Several committee members expressed gratitude for Hamilton’s exceptionally detailed presentation. Senator John Pappageorge once again called for his colleagues to pass SB 6 (2013) this year, which he claimed would structurally fix the MTF. According to Pappageorge if the House had not sunset this bill last year, it would have prevented $15 million from leaking out of the MTF into the general fund.
Representative David Rutledge inquired about what the gas tax would be if it were kept consistent with yearly inflation. Representative Charles Smiley asked Hamilton about how MDOT had spread debt over long-term bonds, and when these bonds would be paid off. As Hamilton stated that the bonds were staggered, Steudle called from the audience that MDOT’s current bonds would be paid off by 2030. Representive Wayne Schmidt then called for Steudle to come forward and explain MDOT bonds and debt refinancing in greater detail.
Hamilton’s presentation was followed by Steven Warren from the Michigan Transportation Asset Management Council (MTAMC) and Kent County Road Commission, who presented on the state’s asset management processes and progress since being defined by Public Act 499 (2002). This included a review of the four-step asset management process and the PASER pavement condition rating system. Warren concluded by expressing his belief that the main cause of road deterioration at the rate it is in Michigan is the inability of road commissions and MDOT to make timely investments.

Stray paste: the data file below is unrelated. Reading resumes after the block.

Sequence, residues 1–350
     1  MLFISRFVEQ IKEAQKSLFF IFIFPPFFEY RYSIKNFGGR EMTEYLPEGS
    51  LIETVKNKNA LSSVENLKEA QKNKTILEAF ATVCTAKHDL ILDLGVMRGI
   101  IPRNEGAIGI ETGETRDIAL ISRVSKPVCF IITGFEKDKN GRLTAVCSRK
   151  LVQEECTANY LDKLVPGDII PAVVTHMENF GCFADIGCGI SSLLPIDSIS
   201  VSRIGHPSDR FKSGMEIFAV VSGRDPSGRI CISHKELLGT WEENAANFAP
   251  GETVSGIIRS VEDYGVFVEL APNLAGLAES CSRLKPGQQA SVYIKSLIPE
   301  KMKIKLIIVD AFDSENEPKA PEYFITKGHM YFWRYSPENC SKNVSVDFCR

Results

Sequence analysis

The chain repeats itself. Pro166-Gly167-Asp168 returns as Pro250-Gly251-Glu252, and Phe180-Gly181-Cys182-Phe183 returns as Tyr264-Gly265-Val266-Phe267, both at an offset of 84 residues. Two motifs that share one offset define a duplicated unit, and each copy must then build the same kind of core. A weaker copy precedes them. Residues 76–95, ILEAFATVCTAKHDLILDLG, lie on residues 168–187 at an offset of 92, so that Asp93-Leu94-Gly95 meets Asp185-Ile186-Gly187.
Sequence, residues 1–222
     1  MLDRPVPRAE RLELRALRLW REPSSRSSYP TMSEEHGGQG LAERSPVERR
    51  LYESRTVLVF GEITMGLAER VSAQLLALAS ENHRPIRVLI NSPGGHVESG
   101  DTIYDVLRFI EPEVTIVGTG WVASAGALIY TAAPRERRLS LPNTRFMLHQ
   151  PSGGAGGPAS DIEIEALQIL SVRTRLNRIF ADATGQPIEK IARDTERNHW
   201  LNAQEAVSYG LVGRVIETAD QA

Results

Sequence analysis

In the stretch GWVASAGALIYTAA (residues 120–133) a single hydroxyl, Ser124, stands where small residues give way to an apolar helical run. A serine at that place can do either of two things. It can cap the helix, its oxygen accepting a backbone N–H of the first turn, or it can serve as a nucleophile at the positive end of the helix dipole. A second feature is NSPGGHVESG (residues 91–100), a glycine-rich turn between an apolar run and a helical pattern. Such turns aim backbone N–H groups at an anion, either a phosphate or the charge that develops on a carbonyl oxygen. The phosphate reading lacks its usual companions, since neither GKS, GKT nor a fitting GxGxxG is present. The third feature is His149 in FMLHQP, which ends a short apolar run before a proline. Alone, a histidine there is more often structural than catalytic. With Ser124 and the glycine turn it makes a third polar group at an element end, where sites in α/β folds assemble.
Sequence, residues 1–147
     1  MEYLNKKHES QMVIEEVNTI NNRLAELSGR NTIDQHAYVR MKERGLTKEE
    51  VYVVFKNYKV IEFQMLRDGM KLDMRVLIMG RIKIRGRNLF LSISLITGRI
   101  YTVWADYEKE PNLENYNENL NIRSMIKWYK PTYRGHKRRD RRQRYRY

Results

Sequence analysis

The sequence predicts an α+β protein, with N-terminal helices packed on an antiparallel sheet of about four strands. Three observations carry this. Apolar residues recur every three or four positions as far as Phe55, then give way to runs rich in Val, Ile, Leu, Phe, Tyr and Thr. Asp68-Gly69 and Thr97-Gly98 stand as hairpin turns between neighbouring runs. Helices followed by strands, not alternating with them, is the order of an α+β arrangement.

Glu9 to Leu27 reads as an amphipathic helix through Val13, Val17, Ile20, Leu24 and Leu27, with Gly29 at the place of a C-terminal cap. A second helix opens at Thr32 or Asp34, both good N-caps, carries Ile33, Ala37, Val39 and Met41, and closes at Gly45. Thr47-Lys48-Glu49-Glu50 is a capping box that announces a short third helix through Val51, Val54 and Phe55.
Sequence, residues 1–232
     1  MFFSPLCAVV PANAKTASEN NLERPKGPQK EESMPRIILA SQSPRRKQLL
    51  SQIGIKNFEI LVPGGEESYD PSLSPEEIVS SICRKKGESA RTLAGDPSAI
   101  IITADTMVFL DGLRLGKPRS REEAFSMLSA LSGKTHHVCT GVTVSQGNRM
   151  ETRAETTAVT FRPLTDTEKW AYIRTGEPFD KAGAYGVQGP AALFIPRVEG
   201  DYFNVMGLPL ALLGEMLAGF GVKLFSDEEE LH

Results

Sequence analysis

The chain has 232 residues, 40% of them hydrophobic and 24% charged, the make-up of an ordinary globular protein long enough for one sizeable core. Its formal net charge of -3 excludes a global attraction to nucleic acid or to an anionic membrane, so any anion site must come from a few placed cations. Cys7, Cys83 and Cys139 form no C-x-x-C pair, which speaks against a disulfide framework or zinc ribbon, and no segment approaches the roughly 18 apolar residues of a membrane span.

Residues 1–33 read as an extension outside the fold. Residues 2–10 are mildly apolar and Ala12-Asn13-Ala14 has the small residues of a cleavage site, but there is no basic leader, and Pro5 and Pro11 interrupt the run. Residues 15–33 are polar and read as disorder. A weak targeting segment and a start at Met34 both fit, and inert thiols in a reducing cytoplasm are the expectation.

Senator Kahn brought up the asset management survey from Michigan Tech. that Senator Jack Brandenburg had earnestly clung to in last week’s joint meetings, to Mr. Warren. Warren insisted that Michigan is a leader in the practice of statewide asset management. Senator Mark Jansen, representing Kent County, expressed gratitude and excitement for Warren’s presentation of asset management. Representative Smiley asked Warren about pavement compositions and whether or not there were ways we could construct better roads. Warren’s punchline-response was that the problem at hand is not so much the original construction of roads, but rather the maintenance of them over time.